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To: KoRn

Bug this, Korn. LOL


10 posted on 08/23/2006 12:48:54 PM PDT by dinoparty
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To: Lunatic Fringe
Just this weekend I noticed a new collection account on my credit report, the Military Book Club. A few years ago, someone used my name at my old address to sign up for CDs, DVDs, and books, then never paid the bill.

It is true that kind of stuff can happen to careful people..........alas there is a large contingent of people who immediately believe if there is credit action against you that you are a dead beat.

11 posted on 08/23/2006 12:49:34 PM PDT by Gabz (Taxaholism, the disease you elect to have (TY xcamel))
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To: dinoparty
It really bugs my ass when prissy posters point out the grammatical flaws of others.

LOL - saved me typing time

12 posted on 08/23/2006 12:51:11 PM PDT by maine-iac7 ("...but you can't fool all of the people all of the time." Lincoln)
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To: Gabz

True. Also, alot of credit actions are for unpaid medical bills for unexpected catastrophic injuries, etc...hardly the kinda stuff that calls for ruthless collection practices.


13 posted on 08/23/2006 12:51:22 PM PDT by dinoparty
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To: Solamente
Oh My GOD!!!! Call the Grammar Police!!!! I'm sure you'll be calling for my execution by morning!!

Will beheading be sufficient or should they resort to more drastic measures?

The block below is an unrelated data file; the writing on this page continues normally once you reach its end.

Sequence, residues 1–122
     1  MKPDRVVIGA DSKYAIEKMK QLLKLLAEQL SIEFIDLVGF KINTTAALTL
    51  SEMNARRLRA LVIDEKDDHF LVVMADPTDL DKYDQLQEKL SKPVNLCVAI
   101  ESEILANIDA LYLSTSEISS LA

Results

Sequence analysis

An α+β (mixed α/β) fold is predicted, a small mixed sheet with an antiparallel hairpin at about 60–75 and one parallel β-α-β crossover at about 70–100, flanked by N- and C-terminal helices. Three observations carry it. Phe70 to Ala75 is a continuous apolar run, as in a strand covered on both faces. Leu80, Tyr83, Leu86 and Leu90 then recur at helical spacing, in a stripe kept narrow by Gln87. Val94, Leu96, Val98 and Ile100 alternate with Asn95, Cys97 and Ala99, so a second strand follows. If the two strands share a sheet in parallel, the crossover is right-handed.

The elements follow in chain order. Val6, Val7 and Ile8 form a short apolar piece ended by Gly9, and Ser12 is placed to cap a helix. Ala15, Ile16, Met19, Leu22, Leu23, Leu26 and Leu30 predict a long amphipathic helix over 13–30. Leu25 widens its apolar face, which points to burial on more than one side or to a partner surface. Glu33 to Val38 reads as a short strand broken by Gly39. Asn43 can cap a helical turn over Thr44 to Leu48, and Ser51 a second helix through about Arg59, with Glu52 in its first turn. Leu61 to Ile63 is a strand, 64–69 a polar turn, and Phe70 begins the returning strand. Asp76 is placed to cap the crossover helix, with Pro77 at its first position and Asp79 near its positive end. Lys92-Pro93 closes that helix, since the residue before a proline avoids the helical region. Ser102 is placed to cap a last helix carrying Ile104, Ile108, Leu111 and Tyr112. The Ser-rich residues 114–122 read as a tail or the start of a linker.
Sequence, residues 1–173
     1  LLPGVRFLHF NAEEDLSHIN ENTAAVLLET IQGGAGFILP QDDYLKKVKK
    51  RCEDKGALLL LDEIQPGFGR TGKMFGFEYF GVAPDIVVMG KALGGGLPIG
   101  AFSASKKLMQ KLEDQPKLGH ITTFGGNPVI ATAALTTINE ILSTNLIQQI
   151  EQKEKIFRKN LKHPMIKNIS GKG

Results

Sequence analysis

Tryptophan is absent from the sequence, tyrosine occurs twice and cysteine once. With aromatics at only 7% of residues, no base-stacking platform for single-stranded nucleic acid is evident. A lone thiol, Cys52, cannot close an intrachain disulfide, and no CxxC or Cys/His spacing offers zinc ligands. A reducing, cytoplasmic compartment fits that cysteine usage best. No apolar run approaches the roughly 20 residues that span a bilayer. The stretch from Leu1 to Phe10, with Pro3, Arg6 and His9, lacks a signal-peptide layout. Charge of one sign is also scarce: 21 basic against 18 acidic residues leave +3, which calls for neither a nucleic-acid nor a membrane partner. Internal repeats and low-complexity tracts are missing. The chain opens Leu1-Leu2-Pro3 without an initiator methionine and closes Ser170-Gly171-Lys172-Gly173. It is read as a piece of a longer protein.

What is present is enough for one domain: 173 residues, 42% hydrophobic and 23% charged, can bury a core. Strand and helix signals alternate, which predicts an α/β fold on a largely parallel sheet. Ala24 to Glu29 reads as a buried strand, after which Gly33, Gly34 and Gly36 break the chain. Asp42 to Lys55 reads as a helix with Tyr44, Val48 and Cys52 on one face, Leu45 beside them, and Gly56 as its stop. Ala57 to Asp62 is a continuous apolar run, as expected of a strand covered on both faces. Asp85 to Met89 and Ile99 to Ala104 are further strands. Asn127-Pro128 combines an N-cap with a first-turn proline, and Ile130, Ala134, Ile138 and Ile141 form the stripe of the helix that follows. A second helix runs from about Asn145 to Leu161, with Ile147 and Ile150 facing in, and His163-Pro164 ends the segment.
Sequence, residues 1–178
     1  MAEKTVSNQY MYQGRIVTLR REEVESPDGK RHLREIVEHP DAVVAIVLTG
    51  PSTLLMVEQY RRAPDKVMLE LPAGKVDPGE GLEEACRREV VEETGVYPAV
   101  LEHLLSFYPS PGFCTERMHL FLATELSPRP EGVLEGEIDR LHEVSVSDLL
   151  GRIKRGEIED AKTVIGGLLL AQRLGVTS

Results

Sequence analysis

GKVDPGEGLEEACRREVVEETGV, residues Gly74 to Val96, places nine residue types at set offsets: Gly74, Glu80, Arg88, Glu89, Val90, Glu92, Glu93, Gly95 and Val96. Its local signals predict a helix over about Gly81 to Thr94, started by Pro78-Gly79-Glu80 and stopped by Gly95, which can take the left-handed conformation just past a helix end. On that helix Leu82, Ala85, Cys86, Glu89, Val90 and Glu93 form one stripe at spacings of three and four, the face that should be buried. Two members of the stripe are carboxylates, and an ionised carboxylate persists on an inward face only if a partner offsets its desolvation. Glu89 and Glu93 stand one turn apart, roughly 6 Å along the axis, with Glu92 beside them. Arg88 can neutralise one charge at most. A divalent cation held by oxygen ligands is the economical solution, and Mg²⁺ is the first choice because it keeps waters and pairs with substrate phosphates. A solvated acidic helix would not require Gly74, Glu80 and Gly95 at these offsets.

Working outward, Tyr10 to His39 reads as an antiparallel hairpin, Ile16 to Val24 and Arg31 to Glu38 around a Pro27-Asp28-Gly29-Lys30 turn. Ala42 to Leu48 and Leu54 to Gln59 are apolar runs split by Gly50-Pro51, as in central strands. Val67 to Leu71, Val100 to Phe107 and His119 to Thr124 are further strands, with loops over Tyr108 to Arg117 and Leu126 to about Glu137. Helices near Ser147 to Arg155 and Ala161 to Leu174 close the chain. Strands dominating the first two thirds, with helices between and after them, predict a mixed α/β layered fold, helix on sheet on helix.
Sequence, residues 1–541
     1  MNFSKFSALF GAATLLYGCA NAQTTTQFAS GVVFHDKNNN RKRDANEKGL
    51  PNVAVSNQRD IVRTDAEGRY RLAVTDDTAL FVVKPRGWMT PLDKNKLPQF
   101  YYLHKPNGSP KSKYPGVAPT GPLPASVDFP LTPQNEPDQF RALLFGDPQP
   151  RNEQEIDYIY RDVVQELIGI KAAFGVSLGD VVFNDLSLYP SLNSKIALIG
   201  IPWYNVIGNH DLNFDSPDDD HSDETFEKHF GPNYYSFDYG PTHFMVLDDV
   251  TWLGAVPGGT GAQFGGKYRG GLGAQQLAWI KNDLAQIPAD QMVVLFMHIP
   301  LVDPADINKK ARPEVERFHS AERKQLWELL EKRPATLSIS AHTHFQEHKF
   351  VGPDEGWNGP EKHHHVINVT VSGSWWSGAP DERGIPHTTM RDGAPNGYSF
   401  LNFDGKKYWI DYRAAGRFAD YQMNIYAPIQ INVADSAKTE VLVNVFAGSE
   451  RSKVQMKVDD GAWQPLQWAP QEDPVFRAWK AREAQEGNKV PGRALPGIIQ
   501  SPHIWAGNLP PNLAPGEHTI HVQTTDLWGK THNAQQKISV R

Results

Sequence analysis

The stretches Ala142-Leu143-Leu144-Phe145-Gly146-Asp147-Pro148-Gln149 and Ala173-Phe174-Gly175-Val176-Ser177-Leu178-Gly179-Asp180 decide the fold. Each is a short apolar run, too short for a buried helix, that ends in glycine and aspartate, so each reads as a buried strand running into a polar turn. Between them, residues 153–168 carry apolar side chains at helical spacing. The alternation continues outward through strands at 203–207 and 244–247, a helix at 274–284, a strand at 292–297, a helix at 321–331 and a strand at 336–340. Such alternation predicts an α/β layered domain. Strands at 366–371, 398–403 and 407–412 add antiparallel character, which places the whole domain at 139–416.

14 posted on 08/23/2006 12:51:59 PM PDT by Brytani (Someone stole my tagline - reward for its return!!!)
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To: Brytani
Thank you. We have had some high medical bills lately and this information is very helpful.

Carolyn

15 posted on 08/23/2006 12:53:19 PM PDT by CDHart ("It's too late to work within the system and too early to shoot the b@#$%^&s."--Claire Wolfe)
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To: Lunatic Fringe

It happens all the time. During congressional hearings the credit bureaus themselves admitted 60% of all credit reports contain at least one error.

Dispute it.


16 posted on 08/23/2006 12:53:40 PM PDT by Brytani (Someone stole my tagline - reward for its return!!!)
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To: dinoparty

I agree. That is not to say that most collection agencies aren't basically honest.............but the ruthless ones give the rest a bad name.

And medical bills appears to be where the worst offenders reside.


17 posted on 08/23/2006 12:54:04 PM PDT by Gabz (Taxaholism, the disease you elect to have (TY xcamel))
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To: RexBeach